Owning investment property offers a number of tax advantages that enhance your profit potential. While these tax benefits by themselves would not be a reason to own an investment property, understanding them ensures that you maximize your profits and cash flow from owning the property.
Just as with any other type of business venture, the costs related to the property are often tax-deductible. Here are a few of these deductions that might apply to your situation.
Mortgage Interest and Property Taxes
As homeowners know, your ability to deduct your mortgage interest and property taxes on your personal residence has been limited by the SALT (state and local taxes) cap and the increased levels for a standard deduction. Both of these rule changes limit the ability of homeowners to itemize deductions.
When it comes to an investment property, the owner can deduct the interest on a mortgage or any loan taken out to finance the purchase of the property against any rental income they earn. The same applies to any property taxes they pay on the property. These are considered business expenses, just like the expenses of running a retail store or a manufacturing business.
Depreciation is an expense where an asset’s cost is expensed over its useful life, as defined by the IRS. Investment real estate is considered a depreciable asset, and owners of investment property can depreciate the cost of their investment over time.
Depreciation is a non-cash expense. In other words, there is no annual outlay for it each year. Owners of investment property can still deduct depreciation from any rental income earned from the property, just like other expenses they may incur in the operation and management of the property.
Note that if you eventually sell the property for a gain, some or all of the depreciation that you’ve expensed over the years could be subject to recapture upon the sale.
Expenses Related to Ongoing Upkeep and Maintenance
Owning an investment property, either residential or commercial, that is rented to tenants requires the owner to perform varying levels of upkeep and maintenance. Whether this is ensuring the lawn is mowed, repairs are made for things like a broken furnace or air conditioning unit, or any number of other items, the expenses associated with these tasks would generally be considered a deductible expense to be offset against rental income from the property.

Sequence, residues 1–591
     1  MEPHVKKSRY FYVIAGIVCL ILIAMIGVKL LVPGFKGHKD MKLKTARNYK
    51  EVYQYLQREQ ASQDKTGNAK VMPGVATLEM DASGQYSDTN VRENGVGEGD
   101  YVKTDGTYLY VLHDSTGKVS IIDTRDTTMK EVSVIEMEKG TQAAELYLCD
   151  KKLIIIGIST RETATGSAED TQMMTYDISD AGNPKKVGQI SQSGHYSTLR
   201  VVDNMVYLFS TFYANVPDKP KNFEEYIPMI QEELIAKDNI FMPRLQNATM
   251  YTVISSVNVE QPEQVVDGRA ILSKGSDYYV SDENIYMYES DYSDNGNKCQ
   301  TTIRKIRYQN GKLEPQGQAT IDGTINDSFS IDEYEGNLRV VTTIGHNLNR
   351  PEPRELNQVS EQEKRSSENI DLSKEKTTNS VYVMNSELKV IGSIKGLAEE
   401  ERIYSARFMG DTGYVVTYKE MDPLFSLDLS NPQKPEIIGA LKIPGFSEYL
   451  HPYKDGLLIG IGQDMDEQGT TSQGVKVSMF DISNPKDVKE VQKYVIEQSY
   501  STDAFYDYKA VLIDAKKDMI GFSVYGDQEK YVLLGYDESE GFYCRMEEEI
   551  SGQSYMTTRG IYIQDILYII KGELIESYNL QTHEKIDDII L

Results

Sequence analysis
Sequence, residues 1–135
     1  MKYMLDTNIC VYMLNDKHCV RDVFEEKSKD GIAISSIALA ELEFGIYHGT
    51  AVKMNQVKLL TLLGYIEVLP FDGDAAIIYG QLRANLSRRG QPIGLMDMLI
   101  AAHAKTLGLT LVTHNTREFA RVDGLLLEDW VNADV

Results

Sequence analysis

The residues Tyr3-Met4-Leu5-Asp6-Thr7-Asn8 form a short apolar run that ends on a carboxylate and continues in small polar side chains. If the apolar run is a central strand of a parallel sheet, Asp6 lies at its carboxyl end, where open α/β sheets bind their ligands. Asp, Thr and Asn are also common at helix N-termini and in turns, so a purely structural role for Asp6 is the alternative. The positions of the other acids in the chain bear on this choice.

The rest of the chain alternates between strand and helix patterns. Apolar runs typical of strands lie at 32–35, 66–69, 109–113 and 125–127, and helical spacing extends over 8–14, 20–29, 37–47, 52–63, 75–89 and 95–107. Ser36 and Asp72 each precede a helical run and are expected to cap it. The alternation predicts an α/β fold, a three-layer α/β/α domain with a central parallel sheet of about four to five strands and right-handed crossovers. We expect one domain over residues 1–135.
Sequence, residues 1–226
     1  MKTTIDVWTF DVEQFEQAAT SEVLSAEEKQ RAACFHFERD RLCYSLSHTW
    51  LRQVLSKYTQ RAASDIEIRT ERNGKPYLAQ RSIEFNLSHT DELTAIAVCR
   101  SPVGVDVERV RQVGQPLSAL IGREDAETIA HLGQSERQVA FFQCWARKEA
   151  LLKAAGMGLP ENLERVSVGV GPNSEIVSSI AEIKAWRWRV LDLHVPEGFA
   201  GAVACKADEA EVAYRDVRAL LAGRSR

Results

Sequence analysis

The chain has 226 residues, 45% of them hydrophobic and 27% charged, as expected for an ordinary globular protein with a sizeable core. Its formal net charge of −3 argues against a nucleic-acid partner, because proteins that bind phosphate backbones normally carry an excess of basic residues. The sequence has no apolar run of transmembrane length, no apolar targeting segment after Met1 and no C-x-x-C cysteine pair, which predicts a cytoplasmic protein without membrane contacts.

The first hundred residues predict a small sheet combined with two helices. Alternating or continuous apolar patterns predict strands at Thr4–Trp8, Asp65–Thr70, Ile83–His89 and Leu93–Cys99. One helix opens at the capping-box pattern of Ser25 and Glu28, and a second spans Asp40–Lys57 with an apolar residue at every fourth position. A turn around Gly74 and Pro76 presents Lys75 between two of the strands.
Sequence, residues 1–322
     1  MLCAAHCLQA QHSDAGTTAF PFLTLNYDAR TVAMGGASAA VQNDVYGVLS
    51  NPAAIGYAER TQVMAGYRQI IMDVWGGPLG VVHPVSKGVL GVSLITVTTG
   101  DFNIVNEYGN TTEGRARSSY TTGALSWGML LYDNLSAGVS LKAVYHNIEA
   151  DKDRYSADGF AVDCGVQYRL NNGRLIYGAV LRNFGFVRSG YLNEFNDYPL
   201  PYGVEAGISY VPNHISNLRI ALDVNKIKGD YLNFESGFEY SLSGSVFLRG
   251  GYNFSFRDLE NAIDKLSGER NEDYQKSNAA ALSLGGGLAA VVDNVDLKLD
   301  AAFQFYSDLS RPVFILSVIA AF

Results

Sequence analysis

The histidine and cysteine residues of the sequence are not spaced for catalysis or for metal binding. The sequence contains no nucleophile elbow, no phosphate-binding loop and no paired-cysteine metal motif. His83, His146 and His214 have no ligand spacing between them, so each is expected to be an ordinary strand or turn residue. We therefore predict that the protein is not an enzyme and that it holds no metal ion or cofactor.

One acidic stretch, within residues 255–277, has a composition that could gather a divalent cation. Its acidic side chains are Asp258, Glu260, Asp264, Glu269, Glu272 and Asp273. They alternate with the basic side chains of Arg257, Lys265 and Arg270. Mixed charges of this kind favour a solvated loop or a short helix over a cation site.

General maintenance expenses, as well as those related to readying the property for tenants, are tax-deductible. Examples include, but are not limited to; cleaning of common areas, plowing or shoveling snow in the winter, lawn mowing and related yard maintenance, plumbing and electrical repairs and painting.
Expenses to Improve the Property Prior to Renting to Tenants
Perhaps the rental unit or commercial space needs to be painted, needs new carpeting or just in need of general cleaning. These types of expenses would be considered operating expenses and can be deducted in the year they occurred.
Any repairs or maintenance costs that are more permanent improvements to the property are treated a bit differently. These expenses need to be capitalized, rather than expensed in the year completed. These expenses could be things like expanding the property, rebuilding or restoring some or all of the property to its original condition or converting the property to a different type, such as converting a manufacturing facility to a retail store.
When an expense is capitalized, it is depreciated, and a portion is then expensed annually over the useful life of the improvements, as defined by the IRS. In some cases, these types of capital improvements can be expensed in the year of the expenditure, if a certain election is made with the IRS. This is a very complex area, and it's wise to consult with a knowledgeable tax professional for guidance.
Property Management Expenses
Being a landlord can entail having to make repairs to your investment property at odd hours. There are countless horror stories of the 3 a.m. call from a tenant with a toilet that needs to be fixed. In addition to not wanting to get calls about repairs that need to be made, some folks can’t or don’t want to do this type of work.
For these and other reasons, it might make sense to hire a property manager to manage your investment property. This might become a real necessity if one or more of your properties are located in a different city from where you live, or if you own several investment properties.
Property managers take responsibility for collecting rent, overseeing the rental process for new tenants, ensuring that all repairs and maintenance are performed and a host of other related tasks. They charge a fee for their services and will also bill the property owner for any costs incurred to hire people to do some or all of the related work. These expenses would be considered to be deductible against any rental income received.
Overall, it’s perhaps easiest to think of owning investment property like owning a business, which it essentially is. Most expenses incurred in operating that business is deductible against revenues earned by the business, with the net result being what is taxed. Some types of expenses with an estimated life of a number of years are considered capital expenditures and are expensed as depreciation over a number of years, and the same holds true with investment property.
Often, the one added feature of investment property is the opportunity to sell it at a profit at some point in the future. To the extent that you can use the ability to deduct certain expenses along the way, this can help minimize the cost of ownership and maximize your return on your investment in the property.